Tuesday, February 20, 2007

Like Gravity

I remember my two girls learning to walk. I remember their struggle to stand, to find balance. I remember the clumsy shifting of weight from foot to foot. And finally, one, day they had it - forward motion, a few steps, then more, and now, years later, grace - running, skipping, pirouetting, ice skating, speed.

All of it, impossible if not for the falling that taught them about walking, about gravity. Falling taught them that it isn’t wise to lift both feet off the ground at once. It taught them not lean too far forward no matter how bright and shiny, how nearly in reach, the toy on floor might be. Falling taught them that there is a center, a place of balance. To walk they had to find that center, and learn to stay in it. There is not a single person who knows how to walk who didn't find that balance, and we all found it by losing it.

And this is how I can make sense of climate change, as a species-wide stumbling, a stumbling through which we might – still, now – learn. It doesn’t change much, to see it this way. CO2 levels are still rising, too fast. Emissions cuts – as deep as we can make – are still needed, as soon as we can manage. New policies and new technologies and new ways of seeing ourselves are still so deeply needed.

But, doesn’t the work of doing these all seem lighter, if we look at it as something like the work of learning to walk? Babies aren’t stupid, mean spirited or short sighted. They are just struggling to fit into the constraints of their world. Bump-by-bump and tumble-by-tumble is the only way they learn to do it.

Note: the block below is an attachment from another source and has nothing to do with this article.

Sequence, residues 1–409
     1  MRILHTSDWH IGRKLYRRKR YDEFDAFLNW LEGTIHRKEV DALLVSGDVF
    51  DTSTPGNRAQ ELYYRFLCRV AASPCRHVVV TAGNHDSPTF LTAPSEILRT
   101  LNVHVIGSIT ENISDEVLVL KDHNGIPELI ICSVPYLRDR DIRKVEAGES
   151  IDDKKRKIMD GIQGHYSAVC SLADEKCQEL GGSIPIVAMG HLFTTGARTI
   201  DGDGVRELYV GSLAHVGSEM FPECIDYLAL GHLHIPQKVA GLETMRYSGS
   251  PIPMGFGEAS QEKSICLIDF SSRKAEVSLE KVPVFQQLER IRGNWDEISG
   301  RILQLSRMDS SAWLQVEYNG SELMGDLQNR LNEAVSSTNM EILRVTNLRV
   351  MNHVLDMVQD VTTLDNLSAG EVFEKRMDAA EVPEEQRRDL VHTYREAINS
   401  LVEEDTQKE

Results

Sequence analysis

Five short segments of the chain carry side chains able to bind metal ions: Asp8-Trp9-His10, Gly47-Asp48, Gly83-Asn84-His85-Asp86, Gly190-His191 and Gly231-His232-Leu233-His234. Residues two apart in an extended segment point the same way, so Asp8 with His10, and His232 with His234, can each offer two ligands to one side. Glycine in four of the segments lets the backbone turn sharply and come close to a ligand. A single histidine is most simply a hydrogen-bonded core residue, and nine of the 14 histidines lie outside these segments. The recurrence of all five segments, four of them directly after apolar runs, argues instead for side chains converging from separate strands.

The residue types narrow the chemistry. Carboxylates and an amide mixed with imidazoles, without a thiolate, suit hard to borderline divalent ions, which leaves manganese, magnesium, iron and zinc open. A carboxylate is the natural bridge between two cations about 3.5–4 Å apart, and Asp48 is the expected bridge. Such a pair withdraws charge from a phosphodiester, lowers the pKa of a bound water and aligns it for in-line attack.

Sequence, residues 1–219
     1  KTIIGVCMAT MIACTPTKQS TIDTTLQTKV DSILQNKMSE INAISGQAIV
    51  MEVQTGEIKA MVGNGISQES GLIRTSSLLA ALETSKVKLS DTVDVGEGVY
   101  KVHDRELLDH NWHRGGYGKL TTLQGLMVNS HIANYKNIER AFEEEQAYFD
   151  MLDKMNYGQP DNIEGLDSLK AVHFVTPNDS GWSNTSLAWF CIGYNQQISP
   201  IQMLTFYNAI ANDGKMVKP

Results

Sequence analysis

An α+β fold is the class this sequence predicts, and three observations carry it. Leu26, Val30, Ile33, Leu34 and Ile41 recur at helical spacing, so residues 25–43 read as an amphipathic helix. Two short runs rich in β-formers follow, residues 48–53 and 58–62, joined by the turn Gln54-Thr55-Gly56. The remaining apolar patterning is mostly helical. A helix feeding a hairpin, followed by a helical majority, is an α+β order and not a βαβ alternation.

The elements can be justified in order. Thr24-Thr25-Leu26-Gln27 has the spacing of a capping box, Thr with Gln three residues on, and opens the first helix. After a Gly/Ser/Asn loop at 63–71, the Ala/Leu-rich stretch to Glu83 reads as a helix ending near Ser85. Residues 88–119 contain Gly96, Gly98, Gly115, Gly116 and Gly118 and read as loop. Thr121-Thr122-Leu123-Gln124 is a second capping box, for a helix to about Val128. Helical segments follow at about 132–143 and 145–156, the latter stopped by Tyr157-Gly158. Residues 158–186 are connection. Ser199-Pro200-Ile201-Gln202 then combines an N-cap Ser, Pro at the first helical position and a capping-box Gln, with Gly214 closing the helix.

Learning how to live as a viable part of a huge species on a complex planet is a lot harder than learning to walk, of course, because the feedback is so much weaker. When we here in the modern industrial economies overbalance or over-pollute it is almost always someone else, somewhere else, sometime in the future, who will have to ride out the stronger hurricane, hoe the dusty ground, live through the heat wave. The teaching done by the climate is so slow, so convoluted, that we can live right through the lesson and hardly notice it.

Which must mean that if we are to turn to climate change as a teacher, part of our work must be to learn to take in the all the pain, the suffering, and the loss of our neighbors as though it is our own.

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